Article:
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Coffee House

Could Mali become Cameron’s third war?

12 January 2013

10:57 PM

12 January 2013

10:57 PM

For a man cutting the military budget so much, David Cameron does seem to like using the Armed Forces. His personal conviction to act in Libya played a major part in deposing Col Gadaffi – after Afghanistan, his second war. And tonight, it looks like there may be a third. He has just offered the RAF support to the French, whose military is trying to oust al-Qaeda from their former colony in Mali. No10 has just released the following statement:-

“The Prime Minister spoke to President Hollande this evening to discuss the deteriorating situation in Mali and how the UK can support French military assistance provided to the Malian Government to contain rebel and extremist groups in the north of the country. The Prime Minister has agreed that the UK will provide logistical military assistance to help transport foreign troops and equipment quickly to Mali. We will not be deploying any British personnel in a combat role…

Both leaders agreed that the situation in Mali poses a real threat to international security given terrorist activity there. They discussed the need to work with the Malian Government, regional neighbours and international partners to prevent a new terrorist haven developing on Europe’s doorstep and to reinvigorate the UN led political process once the rebel advance has been halted.”

It looks like this means lending th French two of the RAF’s C-17s, which are basically flying warehouses. But what could come next? Spectator subscribers will be fully-briefed on Mali. Last September, the impeccably-informed Con Coughin had this to say about future British involvement:-

Word among senior British military officers is that, if it becomes necessary to neutralise the Mali threat, it will be left to our much-vaunted and overworked special forces to take the action required. Britain would not deploy a large combat element of the kind dispatched to Sierra Leone in 2000. As units of the Special Boat Squadron discovered last March, there are no guarantees of success when dealing with Islamist fanatics who think nothing of sacrificing their lives for the al-Qa’eda cause. The SBS were sent to rescue the British hostage Chris McManus, who had been captured by a Nigerian al-Qa’eda cell which had close ties with like-minded terror groups in Mali. He was killed in a gun battle.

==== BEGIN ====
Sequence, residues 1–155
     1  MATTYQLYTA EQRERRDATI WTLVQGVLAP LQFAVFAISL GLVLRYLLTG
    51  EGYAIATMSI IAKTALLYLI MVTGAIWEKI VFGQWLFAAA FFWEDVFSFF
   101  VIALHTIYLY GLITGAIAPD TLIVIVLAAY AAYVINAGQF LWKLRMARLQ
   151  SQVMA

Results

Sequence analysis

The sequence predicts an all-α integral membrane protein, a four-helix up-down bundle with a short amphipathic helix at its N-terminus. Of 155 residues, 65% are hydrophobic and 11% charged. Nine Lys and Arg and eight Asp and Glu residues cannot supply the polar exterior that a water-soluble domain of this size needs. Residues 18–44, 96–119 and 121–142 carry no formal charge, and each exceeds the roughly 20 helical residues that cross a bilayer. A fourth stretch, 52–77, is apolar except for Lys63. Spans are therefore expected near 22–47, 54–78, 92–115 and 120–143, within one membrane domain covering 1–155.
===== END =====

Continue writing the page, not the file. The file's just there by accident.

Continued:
Bin Laden came to the world’s attention during the boom years — but his African successors are striking at a time when defence budgets are being eviscerated throughout the Nato alliance. The French approach is immeasurably more proactive than anything you will hear in London or Washington. This approach might suit the bean-counters who now preside over our defence strategy, but it is unlikely to make the world a safer place.

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But Cameron, like Blair, is a great believer in Britain’s armed forces being a force for good in the world (even if he is cutting the MoD budget by twice as much as he is increasing the overseas aid budget). Cameron may have been encouraged by the success of Libya, just as Blair was by the success of Sierra Leone. Hollande is upset because Mali is an ex-colony and home to 6,000 French citizens. But Cameron’s language over Mali (and the death of two French troops there) certainly suggests he also sees this as a shared mission of some kind.

“I am deeply concerned about the recent rebel advances in Mali, which extend the reach of terrorist groups and threaten the stability of the country and the wider region… Last night’s tragic events underline how essential it is that we work together to combat terrorism in Africa.”

The 2000 Sierra Leone operation was led by a Brig. David Richards, now UK military chief. “I could see that with a little robustness, we could make a difference,” he said of his Freetown freelancing. Richards had been told to prepare for an evacuation, and he expanded his brief somewhat and decided to intervene in a civil war. The MoD let him, and it was a great success.

What will the soon-to-depart Richards be thinking, now, about Mali? And might the Anglo-French alliance, so effective in Libya, be applied more heavily in Mali? Over the next few months, we’ll find out.

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